When Should You Toss Your Makeup?
It’s tough to throw out makeup that looks and smells fine. But here’s why you should. And when to do so.
It’s hard to part with your makeup, especially when you paid a pretty penny for it. If it still looks good and smells fine, can’t you just keep it?
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Don’t do it, says dermatologist Shilpi Khetarpal, MD. She explains why makeup doesn’t get better with age — and when you need to give your products the heave-ho.
Yes, it does. If you’re wondering when to toss makeup, how soon makeup goes bad depends on a few factors:
Makeup expiration dates refer to an unopened product. Once you open it, the clock starts ticking. “Makeup contains preservatives, but they can’t fight off all the germs once you start using the product,” says Dr. Khetarpal.
And never share your makeup, no matter how badly your bestie wants to sample that amazing blush. You could be sharing an infection, cold sore or acne breakout.
So when should you toss the contents of your makeup bag? Each product has its own timeline.
Mascara is in close contact with your eyes. And the tube is moist and dark inside — a prime environment for bacteria and fungus. Your mascara wand could be an eye infection waiting to happen.
Always toss your mascara six months after opening it. But throw it out even sooner if:
“It’s tempting to buy that jumbo tube of mascara,” says Dr. Khetarpal. “But realistically, you won’t go through all that mascara in six months. Buy the travel size, so you don’t feel like you’re wasting as much when you throw it away.”
Finally, avoid pumping your mascara wand in and out of the tube of mascara, and don’t add water or anything else to mascara.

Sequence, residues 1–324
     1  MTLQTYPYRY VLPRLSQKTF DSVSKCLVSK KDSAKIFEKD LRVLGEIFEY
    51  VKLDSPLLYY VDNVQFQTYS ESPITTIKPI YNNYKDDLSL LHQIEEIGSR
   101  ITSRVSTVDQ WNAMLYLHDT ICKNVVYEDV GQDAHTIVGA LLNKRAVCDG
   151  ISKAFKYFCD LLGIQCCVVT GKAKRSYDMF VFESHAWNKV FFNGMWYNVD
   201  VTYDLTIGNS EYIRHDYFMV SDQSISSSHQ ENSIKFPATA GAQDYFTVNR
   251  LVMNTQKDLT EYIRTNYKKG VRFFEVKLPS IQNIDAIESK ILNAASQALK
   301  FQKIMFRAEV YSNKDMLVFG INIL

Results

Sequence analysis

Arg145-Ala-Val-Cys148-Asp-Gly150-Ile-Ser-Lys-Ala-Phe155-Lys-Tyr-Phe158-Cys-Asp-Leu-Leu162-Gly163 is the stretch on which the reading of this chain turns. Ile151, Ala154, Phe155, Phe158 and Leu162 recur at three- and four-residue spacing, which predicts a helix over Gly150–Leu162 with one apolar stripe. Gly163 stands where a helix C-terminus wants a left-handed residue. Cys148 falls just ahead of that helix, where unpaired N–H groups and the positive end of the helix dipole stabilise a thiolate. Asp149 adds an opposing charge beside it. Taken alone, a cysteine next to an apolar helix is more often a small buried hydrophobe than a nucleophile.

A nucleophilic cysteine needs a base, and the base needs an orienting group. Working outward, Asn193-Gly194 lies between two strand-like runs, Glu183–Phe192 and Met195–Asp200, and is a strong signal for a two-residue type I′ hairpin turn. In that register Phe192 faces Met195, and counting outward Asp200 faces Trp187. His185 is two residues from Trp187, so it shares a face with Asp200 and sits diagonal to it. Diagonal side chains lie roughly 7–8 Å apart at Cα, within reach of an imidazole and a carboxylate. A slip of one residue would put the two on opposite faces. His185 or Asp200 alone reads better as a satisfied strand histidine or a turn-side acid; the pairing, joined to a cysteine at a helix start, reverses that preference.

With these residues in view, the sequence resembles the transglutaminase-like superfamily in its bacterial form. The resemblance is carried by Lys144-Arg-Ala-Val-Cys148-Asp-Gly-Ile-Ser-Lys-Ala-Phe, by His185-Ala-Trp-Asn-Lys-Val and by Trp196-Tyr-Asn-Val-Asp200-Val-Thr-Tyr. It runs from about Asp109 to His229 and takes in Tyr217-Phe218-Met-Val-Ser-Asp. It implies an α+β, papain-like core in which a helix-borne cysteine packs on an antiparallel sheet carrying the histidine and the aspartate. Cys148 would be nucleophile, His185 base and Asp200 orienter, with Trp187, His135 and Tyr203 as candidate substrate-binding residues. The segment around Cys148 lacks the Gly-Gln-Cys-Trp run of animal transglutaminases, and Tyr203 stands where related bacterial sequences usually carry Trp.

A dry eyeliner pencil isn’t quite as prone to bacteria and germs as mascara. But because it’s touching your eye area, you need to be careful with it.
You can use dry eyeliner pencils until they run out if you:
Toss liquid eyeliners after six months. You can’t wipe them with alcohol or sharpen them, and the higher water content invites germs in.
Expired face makeup can cause allergic reactions, acne and irritation.
“Makeup in a pump will last much longer than an ordinary bottle top,” says Dr. Khetarpal. “A pump keeps the contents from touching anything. If you use a liquid in a regular bottle, don’t put the sponge or your finger right on the opening. Instead, pour it on your sponge or hand.”
Texture changes are a bad sign. “If you see clear liquid on top, even if the product is unopened, throw it away,” says Dr. Khetarpal.
If you rely on your foundation for sun protection, treat it like sunscreen. Toss it six months after you open it. “If you’re using SPF foundation that’s over six months old, you’re not getting the full sun protection,” says Dr. Khetarpal. “Apply sunscreen first and then foundation. Then you can keep your foundation longer without worrying about its sun protection.”
Anything that’s not dry and powdery in texture has enough liquid to spoil within six months. Use the liquid foundation rules for these products:
You can keep powders for up to two years if you keep them clean. This includes powder-based blush, eye shadow and face powders. Their low water content means they’re less likely to grow mold and bacteria.
“Clean brushes or sponges at least weekly because they’re touching your powder and skin every time you use them,” says Dr. Khetarpal. “Use shampoo to wash them and allow them to air dry completely. Weekly washing minimizes the bacteria that builds up.”
But the SPF rule still applies: If powder is your only sun protection, toss it after six months. And if it gets a weird smell or texture, it has to go.
Lipsticks and balms are cream-based, and many of them have SPF in them. “Use these for six months tops,” says Dr. Khetarpal. “Our lips have a lot of bacteria on them, so these products get contaminated quickly.”
And if you get a cold sore, throw out all your lip products and start fresh.
It’s tempting to hold on to that perfect concealer that’s been discontinued, but it’s not worth the risk.